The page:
US drops digital trade demands, “surrenders the playing field to the CCP”

0
11

Republicans state that the administration by dropping digital trade demands is allowing the EU and CCP to discriminate against US businesses and tax them at will.

Reuters reports that U.S. Trade Representative Katherine Tai has dropped longstanding U.S. digital trade demands during World Trade Organization talks.

The U.S. is withdrawing proposals made in 2019 by the Trump administration, insisting that WTO e-commerce rules allow free cross-border data flows and prohibit national requirements for data localization and reviews of software source code.

The official said U.S. policy must consider regulatory objectives, “balancing the right to regulate in the public interest and the need to address anticompetitive behavior in the digital economy,” according to a transcript seen by Reuters.

Free flow surrenders to EU and CCP regulations. Foreign countries can limit US businesses’ ability to compete with them. They can tax or fine them.

House Ways and Means Chairman Jason Smith (R-Mo.) said Tai’s withdrawal “surrenders the playing field to the Chinese Communist Party and abandons our closest trading partners.”

“USTR’s decision to abandon important, longstanding, and bipartisan U.S. digital trade priorities at the WTO runs contrary to American interests,” said Reps. LaHood and DelBene. “Instead of promoting policies that Congress set in the bipartisan U.S.-Mexico-Canada Agreement that protect against the forced transfer of American technology, enable the free flow of information across borders, and defend American industries, small businesses, and workers against discrimination, USTR has unilaterally decided to walk away from these important rules without the consent of Congress.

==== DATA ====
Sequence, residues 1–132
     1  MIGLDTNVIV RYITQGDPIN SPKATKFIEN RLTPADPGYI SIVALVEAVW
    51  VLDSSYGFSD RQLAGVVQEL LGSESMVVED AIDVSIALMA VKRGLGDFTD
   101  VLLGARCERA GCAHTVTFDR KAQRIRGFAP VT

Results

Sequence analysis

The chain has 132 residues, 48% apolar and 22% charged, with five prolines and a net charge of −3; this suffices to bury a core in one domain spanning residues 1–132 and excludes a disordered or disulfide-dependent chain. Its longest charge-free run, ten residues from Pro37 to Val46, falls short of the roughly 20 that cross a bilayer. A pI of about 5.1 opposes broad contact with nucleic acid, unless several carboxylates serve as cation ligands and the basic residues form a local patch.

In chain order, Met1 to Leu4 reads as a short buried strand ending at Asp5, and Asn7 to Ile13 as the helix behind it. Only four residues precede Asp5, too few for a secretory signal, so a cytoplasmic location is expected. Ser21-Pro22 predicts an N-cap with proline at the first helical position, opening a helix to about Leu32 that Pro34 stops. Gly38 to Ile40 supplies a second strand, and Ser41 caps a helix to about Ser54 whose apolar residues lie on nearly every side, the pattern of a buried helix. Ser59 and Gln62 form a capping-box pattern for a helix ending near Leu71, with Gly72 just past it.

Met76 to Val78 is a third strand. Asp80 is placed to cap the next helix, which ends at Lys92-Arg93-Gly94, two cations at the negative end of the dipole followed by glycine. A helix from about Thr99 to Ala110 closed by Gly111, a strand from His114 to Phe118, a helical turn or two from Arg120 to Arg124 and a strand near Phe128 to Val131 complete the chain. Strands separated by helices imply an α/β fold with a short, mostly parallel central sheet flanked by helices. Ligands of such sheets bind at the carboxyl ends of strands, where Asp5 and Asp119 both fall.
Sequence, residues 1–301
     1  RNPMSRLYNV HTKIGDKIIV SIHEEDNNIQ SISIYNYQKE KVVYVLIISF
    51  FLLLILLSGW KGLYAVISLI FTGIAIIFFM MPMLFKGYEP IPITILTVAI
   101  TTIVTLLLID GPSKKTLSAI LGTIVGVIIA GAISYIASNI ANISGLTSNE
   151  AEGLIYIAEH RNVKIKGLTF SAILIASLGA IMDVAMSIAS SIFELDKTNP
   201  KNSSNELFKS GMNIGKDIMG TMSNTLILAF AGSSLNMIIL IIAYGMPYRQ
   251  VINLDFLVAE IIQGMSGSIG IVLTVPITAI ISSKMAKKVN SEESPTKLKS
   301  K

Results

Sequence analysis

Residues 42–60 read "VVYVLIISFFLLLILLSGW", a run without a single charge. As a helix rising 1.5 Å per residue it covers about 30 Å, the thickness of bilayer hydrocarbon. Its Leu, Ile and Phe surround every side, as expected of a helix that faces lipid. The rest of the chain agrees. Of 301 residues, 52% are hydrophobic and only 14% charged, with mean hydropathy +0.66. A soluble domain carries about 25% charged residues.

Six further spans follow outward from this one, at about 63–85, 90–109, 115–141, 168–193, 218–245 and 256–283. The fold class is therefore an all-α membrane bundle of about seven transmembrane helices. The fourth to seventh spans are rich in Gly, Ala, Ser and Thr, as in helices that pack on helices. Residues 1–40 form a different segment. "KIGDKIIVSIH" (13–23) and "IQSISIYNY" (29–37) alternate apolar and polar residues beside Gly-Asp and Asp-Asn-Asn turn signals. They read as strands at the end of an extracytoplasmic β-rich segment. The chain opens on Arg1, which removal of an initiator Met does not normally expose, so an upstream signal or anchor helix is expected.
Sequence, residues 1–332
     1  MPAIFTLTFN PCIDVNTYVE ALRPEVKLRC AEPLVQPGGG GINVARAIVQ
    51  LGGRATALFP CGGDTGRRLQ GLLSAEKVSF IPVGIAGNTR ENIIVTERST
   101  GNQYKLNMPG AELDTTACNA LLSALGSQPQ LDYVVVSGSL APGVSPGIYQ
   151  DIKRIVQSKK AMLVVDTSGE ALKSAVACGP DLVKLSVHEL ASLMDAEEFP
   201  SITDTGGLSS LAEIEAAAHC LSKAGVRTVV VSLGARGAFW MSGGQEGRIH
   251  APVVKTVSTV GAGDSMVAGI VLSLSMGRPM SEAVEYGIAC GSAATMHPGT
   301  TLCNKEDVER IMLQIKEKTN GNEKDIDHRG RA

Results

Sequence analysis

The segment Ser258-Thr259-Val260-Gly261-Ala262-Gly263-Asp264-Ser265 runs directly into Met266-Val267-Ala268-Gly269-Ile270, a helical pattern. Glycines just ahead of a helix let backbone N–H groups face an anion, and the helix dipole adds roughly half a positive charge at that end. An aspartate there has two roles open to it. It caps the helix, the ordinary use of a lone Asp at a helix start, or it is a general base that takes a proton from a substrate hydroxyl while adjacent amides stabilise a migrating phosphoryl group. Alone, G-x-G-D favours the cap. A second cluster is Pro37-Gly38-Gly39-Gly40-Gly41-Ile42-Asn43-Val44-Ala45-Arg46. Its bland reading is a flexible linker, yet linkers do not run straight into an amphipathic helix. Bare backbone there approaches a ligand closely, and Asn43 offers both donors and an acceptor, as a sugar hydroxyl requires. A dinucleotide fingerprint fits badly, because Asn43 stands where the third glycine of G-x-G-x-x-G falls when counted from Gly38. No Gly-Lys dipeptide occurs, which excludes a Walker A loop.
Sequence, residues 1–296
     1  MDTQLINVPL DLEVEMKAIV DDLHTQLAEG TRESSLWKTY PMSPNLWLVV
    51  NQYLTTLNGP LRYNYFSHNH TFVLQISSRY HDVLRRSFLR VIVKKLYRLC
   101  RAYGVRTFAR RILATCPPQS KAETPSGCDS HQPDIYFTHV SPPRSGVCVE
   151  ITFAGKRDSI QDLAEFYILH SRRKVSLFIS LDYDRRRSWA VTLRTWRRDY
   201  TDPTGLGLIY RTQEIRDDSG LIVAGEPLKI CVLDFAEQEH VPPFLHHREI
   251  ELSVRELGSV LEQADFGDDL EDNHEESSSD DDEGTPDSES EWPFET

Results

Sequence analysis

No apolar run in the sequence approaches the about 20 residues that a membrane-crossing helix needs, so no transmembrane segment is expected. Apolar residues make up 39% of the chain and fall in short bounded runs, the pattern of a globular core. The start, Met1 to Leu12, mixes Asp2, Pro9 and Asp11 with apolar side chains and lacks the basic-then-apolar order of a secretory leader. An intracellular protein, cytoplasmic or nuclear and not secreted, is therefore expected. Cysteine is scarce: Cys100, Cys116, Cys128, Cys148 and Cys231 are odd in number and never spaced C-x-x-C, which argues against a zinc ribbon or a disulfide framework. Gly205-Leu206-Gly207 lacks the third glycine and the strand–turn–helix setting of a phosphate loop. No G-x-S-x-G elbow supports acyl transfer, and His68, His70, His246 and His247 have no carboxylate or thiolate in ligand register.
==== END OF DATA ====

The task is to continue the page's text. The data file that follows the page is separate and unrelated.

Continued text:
He said it helps the CCP.

This decision provides more leverage for other foreign powers, including the Chinese Communist Party, to write the rules of the global digital economy into the future. We strongly urge the Biden administration to reconsider its approach.”

Congress needs to fight this, but will they?

America Last?

Grover Norquist notes that this is another ‘America Last’ policy we’ve seen in the “Digital Services Tax” and regulations such as the “Digital Services Act” [an anti-free speech act] and “Digital Markets Act.” They “are explicitly designed to fleece American companies while exempting their European counterparts,” Norquist said in an article for The DCNF.

DSA/DMA Concerns for US Businesses:

The EU Commission President Ursula von der Leyen said she is bringing European [socialist] values to the global digital world, [and she’s also looking to fleece US businesses and kill US creativity and innovation.]

“A 2022 study estimated that new DMA and DSA regulations would force American companies to pay between $22 and $50 billion in new compliance costs, borne by American households already suffering under high inflation,” Norquist noted.

Canada Can Fleece Us Too?

As Norquist wrote, “In December, Justin Trudeau told the media that President Biden had no concerns with a new Canadian tax on mainly American streaming services. There was also no opposition from the Biden administration about Canadian content quotas harming American streaming companies.”

That’s confirmed in several publications. It goes along with their idea of a “sharing economy.”

The Biden administration also welcomed the Paris-based OECD’s “Global Minimum Tax” regime, effectively ending tax competition and making it impossible for the U.S. to compete.

Remember when Barack Obama said America is not exceptional? We won’t be.


PowerInbox

LEAVE A REPLY

Please enter your comment!
Please enter your name here